I mentioned my attendance at RTPI events and the fact that I'd won a Future Planners' bursary in a presentation competition at university. This has helped massively with paying my tuition fees and also aided me in gaining my first planning officer role a whole year before my graduation.
Course: MSc in Urban Planning at UWE Bristol
Why did you choose to study planning?
After a few years out of academia and in the real world of work, I developed a keen interest in planning and decided to pursue a relevant qualification at UWE Bristol.
A key selling point of the course, the MSc in Urban Planning, was its professional accreditation from the RTPI. It can be difficult for graduates to stand out from the crowd but this accreditation really enables students to gain significant skills, enhance their profile, and demonstrate their professional competencies. I currently combine this study with working as a Planning Officer in the Development Management team at Swindon Borough Council. This role is exactly what I was hoping to achieve at the end of my Master's course, but I was lucky enough to be given the position early. Since then I have dealt with my own caseload, assisted in a public inquiry and presented applications in front of the members' planning committee. It was a much needed and exciting step up from my last role and certainly enabled by my Master's, which I am still studying part-time until May this year.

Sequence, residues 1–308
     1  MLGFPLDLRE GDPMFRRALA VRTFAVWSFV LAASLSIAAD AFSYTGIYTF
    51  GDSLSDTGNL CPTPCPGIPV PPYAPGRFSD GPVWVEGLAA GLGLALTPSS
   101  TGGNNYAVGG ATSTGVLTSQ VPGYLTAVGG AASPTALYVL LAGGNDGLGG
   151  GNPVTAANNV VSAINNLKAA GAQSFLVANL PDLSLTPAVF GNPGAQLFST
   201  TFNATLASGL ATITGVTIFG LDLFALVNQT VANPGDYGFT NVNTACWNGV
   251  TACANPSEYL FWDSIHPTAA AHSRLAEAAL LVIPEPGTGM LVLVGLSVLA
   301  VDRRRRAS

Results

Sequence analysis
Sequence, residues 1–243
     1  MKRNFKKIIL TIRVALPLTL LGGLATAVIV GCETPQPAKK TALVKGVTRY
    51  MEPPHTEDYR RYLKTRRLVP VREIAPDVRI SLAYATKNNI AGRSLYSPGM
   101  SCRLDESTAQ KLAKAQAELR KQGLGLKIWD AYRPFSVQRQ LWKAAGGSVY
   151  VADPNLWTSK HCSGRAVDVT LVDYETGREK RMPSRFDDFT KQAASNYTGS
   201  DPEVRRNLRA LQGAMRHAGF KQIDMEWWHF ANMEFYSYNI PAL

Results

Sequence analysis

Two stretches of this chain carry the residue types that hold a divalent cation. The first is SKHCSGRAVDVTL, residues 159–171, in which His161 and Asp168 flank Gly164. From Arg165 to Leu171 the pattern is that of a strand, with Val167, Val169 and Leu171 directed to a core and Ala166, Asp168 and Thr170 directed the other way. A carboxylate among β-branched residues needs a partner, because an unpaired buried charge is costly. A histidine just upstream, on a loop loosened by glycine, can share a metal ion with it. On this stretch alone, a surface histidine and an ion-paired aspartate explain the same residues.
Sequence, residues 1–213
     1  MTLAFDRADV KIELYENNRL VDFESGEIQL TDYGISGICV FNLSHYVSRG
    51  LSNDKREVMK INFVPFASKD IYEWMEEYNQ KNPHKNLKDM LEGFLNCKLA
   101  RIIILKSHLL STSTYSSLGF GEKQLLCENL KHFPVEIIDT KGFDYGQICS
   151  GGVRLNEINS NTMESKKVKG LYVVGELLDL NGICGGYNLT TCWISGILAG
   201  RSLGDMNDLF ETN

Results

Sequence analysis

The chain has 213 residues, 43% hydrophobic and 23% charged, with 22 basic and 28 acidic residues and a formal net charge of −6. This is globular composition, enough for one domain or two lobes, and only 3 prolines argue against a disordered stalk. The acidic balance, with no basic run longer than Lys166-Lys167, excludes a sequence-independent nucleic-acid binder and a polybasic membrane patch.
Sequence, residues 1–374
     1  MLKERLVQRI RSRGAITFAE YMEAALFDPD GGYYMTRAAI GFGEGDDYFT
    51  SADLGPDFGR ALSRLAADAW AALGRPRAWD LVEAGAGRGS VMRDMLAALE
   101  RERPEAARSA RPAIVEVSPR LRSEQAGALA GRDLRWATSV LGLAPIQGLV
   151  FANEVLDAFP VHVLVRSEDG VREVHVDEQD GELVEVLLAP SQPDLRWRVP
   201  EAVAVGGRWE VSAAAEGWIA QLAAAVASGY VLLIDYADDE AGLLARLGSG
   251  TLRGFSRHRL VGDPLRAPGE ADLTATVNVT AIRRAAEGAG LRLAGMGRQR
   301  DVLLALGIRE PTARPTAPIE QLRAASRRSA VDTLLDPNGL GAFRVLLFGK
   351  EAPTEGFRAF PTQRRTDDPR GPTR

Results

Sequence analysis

What has been the best thing about studying planning?
It's really busy, but very enjoyable. I love the variety of insights and work the course presents: I've been introduced to the key challenges facing planning, and given a historical summary of how the profession, and professional practices, have evolved. We were exposed to the tiers of planning, and plan-making more generally, through a field trip to Manchester. In terms of exploring local plan-making, we worked with Place Studio, an award-winning consultancy in Bristol, to devise a concept plan for improving Windmill Hill in south Bristol. The project focused on the local neighbourhood, with workshops and community consultation sessions held in a local community centre and at a city farm.
Top tip for future planners?
Attend RTPI events and get involved in your local branch!
I mentioned my attendance at RTPI events and the fact that I'd won a Future Planners' bursary in a presentation competition at university. This has helped massively towards paying my tuition fees and also aided me in gaining my first planning officer role a whole year before my graduation. I was also asked to write an article on my experience of the bursary for the South-West RTPI Branch Out magazine.
Why would you recommend that students consider a career in planning?
If you want to make a difference to the way your area looks and functions, to how people interact with a place, and always aim to improve the facilities and sense of place it provides to its residents and visitors, then I would say that planning could be the career for you!